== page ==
Owner-occupied housing is the new front in the battle over the future of gentrifying neighborhoods, and advocates hoping to fend off aggressive investor interest think they might get a new defensive weapon: a cease-and-desist zone covering all of Brooklyn.
In cease-and-desist zones, homeowners can join a list of property owners whom real-estate companies are prohibited from soliciting to sell. It’s a mechanism that has been on the books in New York State for at least 80 years. In 1939, all of Queens was declared a cease-and-desist zone.
State Sen. Kevin Parker, a Brooklyn Democrat, is pushing to make all of Brooklyn a cease-and-desist zone. Parker introduced laws to that effect during the 2017-2018 legislative session that went nowhere in a Republican-controlled Senate, and tried again in 2019, after Democrats took charge, to no avail. He re-submitted the bills in January, and they currently sit before the Judiciary Committee.
Worries about investors
Owner-occupied housing plays a complex role in the gentrification story. On one hand, owners who sell amid rising values can enjoy windfall gains, and—unlike renters—represent a part of the incumbent population that can profit from climbing real-estate values. On the other hand, when Black and Latino homeowners sell their homes, they can contribute to demographic change in the neighborhood, and those former homeowners sometimes struggle to find new housing they can afford, even with sale money in their pockets.
When the buyer is an investor, the sale can contribute to speculation in the community. Investors are increasingly important players in small-home sales: In 2012, according to the Center for New York City Neighborhoods (CNYCN), only 8 percent of small home and condo/coop sales in New York City were to investors, but by 2017, investors were the buyers in 18 percent of those sales. Many owner-occupied homes include rental property, so tenants can be affected by these moves, too.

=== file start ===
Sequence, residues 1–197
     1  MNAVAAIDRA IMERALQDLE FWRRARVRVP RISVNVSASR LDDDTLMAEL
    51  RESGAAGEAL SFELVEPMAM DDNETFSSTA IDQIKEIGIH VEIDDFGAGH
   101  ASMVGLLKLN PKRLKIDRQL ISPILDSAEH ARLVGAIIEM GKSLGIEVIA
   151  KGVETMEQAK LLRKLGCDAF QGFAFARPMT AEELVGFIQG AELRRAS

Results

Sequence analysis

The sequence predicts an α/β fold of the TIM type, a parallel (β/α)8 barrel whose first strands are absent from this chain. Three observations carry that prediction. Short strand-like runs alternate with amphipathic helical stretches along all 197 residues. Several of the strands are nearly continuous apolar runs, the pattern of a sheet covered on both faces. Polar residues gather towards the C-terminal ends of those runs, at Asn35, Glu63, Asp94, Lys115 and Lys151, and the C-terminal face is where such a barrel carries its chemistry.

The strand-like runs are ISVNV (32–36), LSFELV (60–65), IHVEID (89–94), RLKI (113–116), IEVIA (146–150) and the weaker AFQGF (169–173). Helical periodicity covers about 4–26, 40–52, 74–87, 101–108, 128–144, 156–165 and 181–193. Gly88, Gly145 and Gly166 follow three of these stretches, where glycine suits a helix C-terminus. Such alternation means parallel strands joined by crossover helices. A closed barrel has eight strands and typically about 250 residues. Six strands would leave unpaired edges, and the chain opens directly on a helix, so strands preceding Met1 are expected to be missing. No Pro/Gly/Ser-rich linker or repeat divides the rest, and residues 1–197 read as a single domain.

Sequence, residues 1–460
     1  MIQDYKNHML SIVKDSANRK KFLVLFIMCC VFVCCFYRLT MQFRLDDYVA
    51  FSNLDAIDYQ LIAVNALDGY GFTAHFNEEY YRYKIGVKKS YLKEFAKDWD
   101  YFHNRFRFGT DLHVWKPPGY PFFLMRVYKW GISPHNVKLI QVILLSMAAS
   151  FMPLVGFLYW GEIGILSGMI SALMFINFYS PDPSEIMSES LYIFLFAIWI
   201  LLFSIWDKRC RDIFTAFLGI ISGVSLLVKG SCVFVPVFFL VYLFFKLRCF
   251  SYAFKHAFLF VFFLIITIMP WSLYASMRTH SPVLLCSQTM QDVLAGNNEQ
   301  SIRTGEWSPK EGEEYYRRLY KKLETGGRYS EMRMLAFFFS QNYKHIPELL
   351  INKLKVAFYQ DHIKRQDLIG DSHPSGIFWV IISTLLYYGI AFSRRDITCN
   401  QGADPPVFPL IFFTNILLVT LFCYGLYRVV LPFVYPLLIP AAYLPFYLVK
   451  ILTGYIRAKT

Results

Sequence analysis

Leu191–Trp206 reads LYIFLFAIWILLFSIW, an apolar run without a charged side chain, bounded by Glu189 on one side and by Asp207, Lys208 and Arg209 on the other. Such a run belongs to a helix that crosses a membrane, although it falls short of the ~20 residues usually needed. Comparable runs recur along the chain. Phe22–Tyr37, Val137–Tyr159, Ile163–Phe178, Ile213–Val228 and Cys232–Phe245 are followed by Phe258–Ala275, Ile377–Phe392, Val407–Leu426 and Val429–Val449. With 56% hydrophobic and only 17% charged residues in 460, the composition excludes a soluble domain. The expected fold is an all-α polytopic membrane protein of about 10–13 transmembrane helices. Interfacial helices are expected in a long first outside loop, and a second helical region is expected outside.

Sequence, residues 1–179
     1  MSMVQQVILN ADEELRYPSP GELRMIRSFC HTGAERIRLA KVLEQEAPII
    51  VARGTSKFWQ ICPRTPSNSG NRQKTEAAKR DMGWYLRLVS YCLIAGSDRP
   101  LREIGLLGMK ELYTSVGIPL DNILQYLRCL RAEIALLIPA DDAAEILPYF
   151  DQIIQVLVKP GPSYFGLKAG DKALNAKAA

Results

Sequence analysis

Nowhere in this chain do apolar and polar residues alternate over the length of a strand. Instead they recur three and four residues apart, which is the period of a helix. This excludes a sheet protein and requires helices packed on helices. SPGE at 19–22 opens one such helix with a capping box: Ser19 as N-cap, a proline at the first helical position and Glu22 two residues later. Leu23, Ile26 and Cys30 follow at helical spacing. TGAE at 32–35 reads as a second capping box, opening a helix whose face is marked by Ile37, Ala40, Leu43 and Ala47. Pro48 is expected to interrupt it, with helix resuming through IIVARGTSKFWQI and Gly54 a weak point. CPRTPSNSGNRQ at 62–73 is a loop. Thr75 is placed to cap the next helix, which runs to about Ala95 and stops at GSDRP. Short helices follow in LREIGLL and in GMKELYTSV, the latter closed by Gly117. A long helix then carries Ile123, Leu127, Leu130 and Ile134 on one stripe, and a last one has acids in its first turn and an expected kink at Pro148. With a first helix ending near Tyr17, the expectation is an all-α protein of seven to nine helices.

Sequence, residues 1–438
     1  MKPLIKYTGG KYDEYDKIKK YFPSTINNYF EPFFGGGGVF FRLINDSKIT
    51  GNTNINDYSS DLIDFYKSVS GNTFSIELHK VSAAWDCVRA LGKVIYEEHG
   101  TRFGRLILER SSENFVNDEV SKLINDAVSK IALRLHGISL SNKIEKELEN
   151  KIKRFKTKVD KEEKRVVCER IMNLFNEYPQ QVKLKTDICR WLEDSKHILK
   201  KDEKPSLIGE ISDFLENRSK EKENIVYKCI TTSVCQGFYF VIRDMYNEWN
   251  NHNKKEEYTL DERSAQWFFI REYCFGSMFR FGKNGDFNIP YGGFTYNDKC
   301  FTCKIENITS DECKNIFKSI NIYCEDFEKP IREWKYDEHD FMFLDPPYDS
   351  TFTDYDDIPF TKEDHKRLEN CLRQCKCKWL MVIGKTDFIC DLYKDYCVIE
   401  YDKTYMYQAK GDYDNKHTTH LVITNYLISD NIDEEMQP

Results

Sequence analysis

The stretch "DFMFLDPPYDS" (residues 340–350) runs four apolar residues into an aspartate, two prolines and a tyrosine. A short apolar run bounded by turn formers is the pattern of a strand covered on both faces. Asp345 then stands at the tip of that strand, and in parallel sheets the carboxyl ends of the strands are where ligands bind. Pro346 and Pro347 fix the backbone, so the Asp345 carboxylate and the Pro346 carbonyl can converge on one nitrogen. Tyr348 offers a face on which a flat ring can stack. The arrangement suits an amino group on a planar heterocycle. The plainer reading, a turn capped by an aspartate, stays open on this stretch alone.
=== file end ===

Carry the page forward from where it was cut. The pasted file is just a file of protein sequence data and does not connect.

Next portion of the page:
Advocates contend that aggressive pitches from realtors sometimes pressure homeowners who would not otherwise sell into taking a deal, and sometimes a bad one. “It’s not just, like, one person knocking on your door. If you’re in a community that’s gentrifying and that’s undergoing price increases, it’s more of a steady flow of solicitation,” says Caroline Nagy, the deputy director for policy and research at CNYCN. “It’s making you feel like you’re no longer welcome in your community. ‘It’s time to cash out. Other people are moving in. It’s time to go.’”
Nagy adds: “We’ve seen some bad actors target particularly vulnerable people: seniors, people with limited English proficiency, people at risk for foreclosure. These are people who it’s more likely [to] be taken advantage of, that they’ll be scammed.”
RE industry opposes
The cease-and-desist law is supposed to prevent that. If members of a community can demonstrate to the state’s Department of State that aggressive real-estate tactics are a problem in a specific area, the agency can declare a cease-and-desist zone for five years.
Currently, there are cease and desist zones in Auburndale, Bayside, Bay Terrace, College Point, Malba, Murray Hill, North Flushing and Whitestone in Queens; the Country Club area of the Bronx and the village of Chestnut Ridge in Rockland County.
Past zones have covered Mill Basin, Mill Island, Bergen Beach, Futurama and Marine Park and, separately, Canarsie in Brooklyn, Bronx community boards 9,10,11 and 12 and all of Queens.
The real-estate industry opposes the creation of individual zones by the Department of State as well as the new legislative efforts to create geographic prohibitions.
In its legislative agenda last year, the New York State Association of Realtors celebrated the failure of Parker’s bill, noting that NYSAR “strongly opposes cease-and-desist zones which specifically target licensed real estate professionals while ineffectively allowing unlicensed individuals and firms to continue engaging in unwanted practices unfettered.”
“Real estate marketing practices are consistent with other professions and businesses, making it improper to single out one type of business,” the association continued.